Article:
An adult’s natural instinct is to protect and hide children from the harsh realities of life. It is important to know that children have more resources than we think, especially around resilience and coping with the realities of life, as long as we tell them in age appropriate ways. Honesty is really important in death and bereavement; the hardest and saddest truth is better than a child who is confused and uncertain. When children are left in the dark they tend to answer their own confusion and uncertainty through fantasies which can lead to prolonged and complicated grief. Even when very young, is to acknowledge what has happened and give them an explanation. Children not old enough to talk will still pick up on what adults are saying but be confused and frightened by the bits they do not understand. Keep it very simple. Keep the language simple and age appropriate. Informing your child’s school or nursery is important, sometime sharing the language and words being used with your child can be important to share as well. If you don’t feel comfortable broaching the subject with your child there are many great books that support explaining death and loss to children of all ages (see a few examples at the end of the article in further reading)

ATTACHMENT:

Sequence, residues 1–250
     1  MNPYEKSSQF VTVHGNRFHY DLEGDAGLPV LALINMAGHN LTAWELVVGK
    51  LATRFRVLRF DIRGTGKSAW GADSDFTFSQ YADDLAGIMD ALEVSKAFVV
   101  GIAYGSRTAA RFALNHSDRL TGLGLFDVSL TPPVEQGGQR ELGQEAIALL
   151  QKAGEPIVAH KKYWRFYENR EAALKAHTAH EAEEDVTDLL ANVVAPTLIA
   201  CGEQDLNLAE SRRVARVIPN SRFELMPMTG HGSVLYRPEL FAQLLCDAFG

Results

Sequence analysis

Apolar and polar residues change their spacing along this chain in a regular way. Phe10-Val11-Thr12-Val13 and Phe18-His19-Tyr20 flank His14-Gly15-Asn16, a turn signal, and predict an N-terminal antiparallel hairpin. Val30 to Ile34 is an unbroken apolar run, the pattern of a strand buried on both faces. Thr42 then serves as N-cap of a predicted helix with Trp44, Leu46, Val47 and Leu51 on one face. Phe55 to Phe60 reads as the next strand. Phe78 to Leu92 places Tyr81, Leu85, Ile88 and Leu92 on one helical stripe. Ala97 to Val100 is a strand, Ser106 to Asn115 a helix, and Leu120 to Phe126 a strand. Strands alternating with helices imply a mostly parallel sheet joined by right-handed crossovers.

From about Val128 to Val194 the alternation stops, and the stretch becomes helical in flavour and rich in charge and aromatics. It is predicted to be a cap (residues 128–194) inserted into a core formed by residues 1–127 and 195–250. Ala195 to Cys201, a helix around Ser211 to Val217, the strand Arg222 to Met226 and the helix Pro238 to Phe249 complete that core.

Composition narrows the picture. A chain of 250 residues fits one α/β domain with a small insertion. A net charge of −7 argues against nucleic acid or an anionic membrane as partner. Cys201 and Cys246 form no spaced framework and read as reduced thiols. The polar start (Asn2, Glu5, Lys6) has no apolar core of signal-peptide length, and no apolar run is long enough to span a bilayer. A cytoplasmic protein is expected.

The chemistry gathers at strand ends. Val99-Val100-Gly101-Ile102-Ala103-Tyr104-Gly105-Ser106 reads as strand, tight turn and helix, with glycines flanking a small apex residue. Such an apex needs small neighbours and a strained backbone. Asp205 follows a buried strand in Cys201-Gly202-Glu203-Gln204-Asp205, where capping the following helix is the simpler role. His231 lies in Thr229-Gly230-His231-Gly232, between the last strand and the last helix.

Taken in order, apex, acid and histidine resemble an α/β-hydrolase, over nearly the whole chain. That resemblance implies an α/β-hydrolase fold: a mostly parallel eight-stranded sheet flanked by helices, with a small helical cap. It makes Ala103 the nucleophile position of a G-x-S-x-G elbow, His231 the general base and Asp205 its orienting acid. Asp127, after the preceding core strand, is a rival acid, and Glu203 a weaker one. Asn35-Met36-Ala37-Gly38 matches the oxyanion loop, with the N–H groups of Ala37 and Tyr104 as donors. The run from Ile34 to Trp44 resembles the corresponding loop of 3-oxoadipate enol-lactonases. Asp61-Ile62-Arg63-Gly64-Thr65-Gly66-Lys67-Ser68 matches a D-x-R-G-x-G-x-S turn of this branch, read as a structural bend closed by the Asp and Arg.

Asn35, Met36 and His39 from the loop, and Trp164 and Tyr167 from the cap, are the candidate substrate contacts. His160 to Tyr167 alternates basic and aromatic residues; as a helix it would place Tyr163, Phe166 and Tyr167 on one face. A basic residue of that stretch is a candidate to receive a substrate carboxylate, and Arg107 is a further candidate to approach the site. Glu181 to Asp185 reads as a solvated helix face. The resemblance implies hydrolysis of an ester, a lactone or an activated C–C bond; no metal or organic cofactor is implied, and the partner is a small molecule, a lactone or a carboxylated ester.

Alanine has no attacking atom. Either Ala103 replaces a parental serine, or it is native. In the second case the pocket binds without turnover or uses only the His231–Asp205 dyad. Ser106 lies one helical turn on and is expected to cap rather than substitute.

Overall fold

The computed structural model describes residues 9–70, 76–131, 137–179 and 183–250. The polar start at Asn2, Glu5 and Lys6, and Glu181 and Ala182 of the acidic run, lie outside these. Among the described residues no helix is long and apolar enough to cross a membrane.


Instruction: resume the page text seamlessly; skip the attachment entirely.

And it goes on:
Maintain routines
Often loss and grief can create disruption in routines and daily living. Creating and maintaining regularity for a child through routine will reduce more change, instability and confusion and inform more consistency, reliability and stability for your child. Stability is integral when a child is feeling out of control.

Get your own support
Our own experience can make supporting children more complicated. As mentioned earlier children mirror adults. In order for our child to be ok, it’s important that we are ok and that we are being supported. It can be helpful to seek support to help you through your own grief, whether from friends, family or a professional.